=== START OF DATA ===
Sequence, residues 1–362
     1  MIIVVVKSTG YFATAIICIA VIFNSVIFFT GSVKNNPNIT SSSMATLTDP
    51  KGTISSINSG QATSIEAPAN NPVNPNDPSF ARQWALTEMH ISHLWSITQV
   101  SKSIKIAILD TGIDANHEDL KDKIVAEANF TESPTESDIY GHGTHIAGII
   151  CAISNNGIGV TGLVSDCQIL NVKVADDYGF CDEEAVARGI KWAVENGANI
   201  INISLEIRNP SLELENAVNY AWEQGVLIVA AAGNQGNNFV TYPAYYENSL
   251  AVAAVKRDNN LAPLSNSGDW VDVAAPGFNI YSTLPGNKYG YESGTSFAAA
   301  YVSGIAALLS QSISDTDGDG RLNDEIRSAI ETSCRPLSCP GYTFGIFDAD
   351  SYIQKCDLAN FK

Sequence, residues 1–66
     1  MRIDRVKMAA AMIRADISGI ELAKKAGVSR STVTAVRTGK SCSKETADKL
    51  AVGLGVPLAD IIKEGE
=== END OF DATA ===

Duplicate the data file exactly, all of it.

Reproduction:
Sequence, residues 1–362
     1  MIIVVVKSTG YFATAIICIA VIFNSVIFFT GSVKNNPNIT SSSMATLTDP
    51  KGTISSINSG QATSIEAPAN NPVNPNDPSF ARQWALTEMH ISHLWSITQV
   101  SKSIKIAILD TGIDANHEDL KDKIVAEANF TESPTESDIY GHGTHIAGII
   151  CAISNNGIGV TGLVSDCQIL NVKVADDYGF CDEEAVARGI KWAVENGANI
   201  INISLEIRNP SLELENAVNY AWEQGVLIVA AAGNQGNNFV TYPAYYENSL
   251  AVAAVKRDNN LAPLSNSGDW VDVAAPGFNI YSTLPGNKYG YESGTSFAAA
   301  YVSGIAALLS QSISDTDGDG RLNDEIRSAI ETSCRPLSCP GYTFGIFDAD
   351  SYIQKCDLAN FK

Sequence, residues 1–66
     1  MRIDRVKMAA AMIRADISGI ELAKKAGVSR STVTAVRTGK SCSKETADKL
    51  AVGLGVPLAD IIKEGE